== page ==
Sep 18, 2011 rated it it was amazing
The book is a companion to the 1980s BBC series by James Burke, The Day The Universe Changed. Burke episodically walks us through some of the turning points in the development and educational evolution of man. The BBC series (shown on PBS in the 80's) is enlightening, provocative, and very entertaining. The book, however, is dry by comparison, and lacks Burke's personal entertaining style and wit.
You can see the BBC series on Youtube; you can also buy the DVD set for home TV viewing, about $100
May 30, 2018 rated it it was amazing  ·  review of another edition
An absolute delight, and a must-have for anyone interested in history, science, or - most importantly - the history of science.

I remember James Burke best from childhood, watching “Tomorrow’s World”, with its tag-team of Baxter, Burke, and Rodd - a sort of genteel, boffin’s equivalent of “Top Gear”’s Clarkson, May, and Hammond. From there, Burke moved on to solo series in which he abstrusely connected different discoveries to show their impact on the modern world. Prior to now, though, I had not
Jason X
Burke quickly covers a wide period of history, philosophy, religion, and science, hitting mostly highlights. Burke's closing summation is outstanding.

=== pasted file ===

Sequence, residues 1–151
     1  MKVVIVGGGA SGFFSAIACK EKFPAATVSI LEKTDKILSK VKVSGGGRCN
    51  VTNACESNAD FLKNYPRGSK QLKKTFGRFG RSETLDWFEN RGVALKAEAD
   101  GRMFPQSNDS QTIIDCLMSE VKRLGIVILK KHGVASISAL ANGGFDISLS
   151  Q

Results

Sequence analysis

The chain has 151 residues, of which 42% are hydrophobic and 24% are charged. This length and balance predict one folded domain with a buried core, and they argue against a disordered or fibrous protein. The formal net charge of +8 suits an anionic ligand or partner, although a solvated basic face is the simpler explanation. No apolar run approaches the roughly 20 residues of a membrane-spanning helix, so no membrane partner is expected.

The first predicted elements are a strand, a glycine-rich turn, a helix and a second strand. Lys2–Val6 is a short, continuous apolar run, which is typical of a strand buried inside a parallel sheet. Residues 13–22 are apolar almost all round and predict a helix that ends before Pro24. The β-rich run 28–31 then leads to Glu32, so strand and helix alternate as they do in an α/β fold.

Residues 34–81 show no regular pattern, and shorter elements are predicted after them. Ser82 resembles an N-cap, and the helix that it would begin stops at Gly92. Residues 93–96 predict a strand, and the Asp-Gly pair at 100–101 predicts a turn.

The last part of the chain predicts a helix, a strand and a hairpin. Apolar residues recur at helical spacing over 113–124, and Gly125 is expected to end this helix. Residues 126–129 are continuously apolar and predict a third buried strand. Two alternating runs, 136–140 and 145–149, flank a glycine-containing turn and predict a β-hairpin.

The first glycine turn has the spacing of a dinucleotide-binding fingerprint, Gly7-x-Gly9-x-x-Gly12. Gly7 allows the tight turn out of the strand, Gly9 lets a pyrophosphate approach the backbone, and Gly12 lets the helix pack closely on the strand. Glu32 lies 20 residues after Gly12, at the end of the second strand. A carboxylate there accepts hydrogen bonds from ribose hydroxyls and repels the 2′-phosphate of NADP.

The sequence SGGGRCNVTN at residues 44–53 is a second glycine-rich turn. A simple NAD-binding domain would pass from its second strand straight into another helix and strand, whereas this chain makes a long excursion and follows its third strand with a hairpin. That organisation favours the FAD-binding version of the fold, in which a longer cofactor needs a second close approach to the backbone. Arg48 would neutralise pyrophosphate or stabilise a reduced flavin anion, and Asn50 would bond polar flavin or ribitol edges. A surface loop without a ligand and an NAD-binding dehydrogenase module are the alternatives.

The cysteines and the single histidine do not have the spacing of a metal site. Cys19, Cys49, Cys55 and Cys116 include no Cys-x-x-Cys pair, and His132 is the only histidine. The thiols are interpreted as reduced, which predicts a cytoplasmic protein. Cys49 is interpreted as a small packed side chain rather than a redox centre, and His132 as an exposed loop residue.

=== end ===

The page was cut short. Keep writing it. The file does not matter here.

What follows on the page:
At the close, Burke ties everything together elegantly, leaving the reader with unanswered questions, but still satisfied. I especially connected with his observation that our current structures for explaining reality are limited by contemporary methods, truths, and instruments. That we all live a contemporary truth to be replaced is, to me, a fin
Mar 19, 2008 rated it really liked it
Burke is a very clear, concise and intelligent writer who carefully chooses the events he believes to be the most signal in changing our understanding of the way the universe works. He ends his book with the thesis that since all facts and information are filtered through the societal understanding of the people who look for and interpret them, truth itself is relative, and the way we understand the universe today is not necessarily the final say. In fact, history would suggest that another chan ...more
Joseph Carrabis
Feb 03, 2018 rated it it was amazing
There is little doubt (to me) that James Burke is the God of How This Led To That. If you haven't seen or read Connections, add it to your must read/watch list as quickly as you can (and follow up by watching/reading). He followed up Connections with The Day the Universe Changed and it was an equally worthy read and watch.
I do not recommend Connections II and III. Marketing got involved (something Burke even mentioned in an interview).
But Connections and The Day the Universe Changed are excellen
Justyna Staroń-Kajkowska
I cannot really tell what is the purpose of this book. If you are ignorant, you won't get any better understanding, besides few anecdotes served on some surreal plate, that will try convince you, that every discovery was just blind luck without any reason (in one place of the book it is even directly stated). If you already have basic knowledge of given subject, you won't get any better information.
It is just quick jumping on various discoveries with uneven attention (indexing is explained in d
Ashley Armstrong
I grew up watching James Burke's science programmes on TV in the 1970s and 1980s, and this series from 1984 I remember particularly well.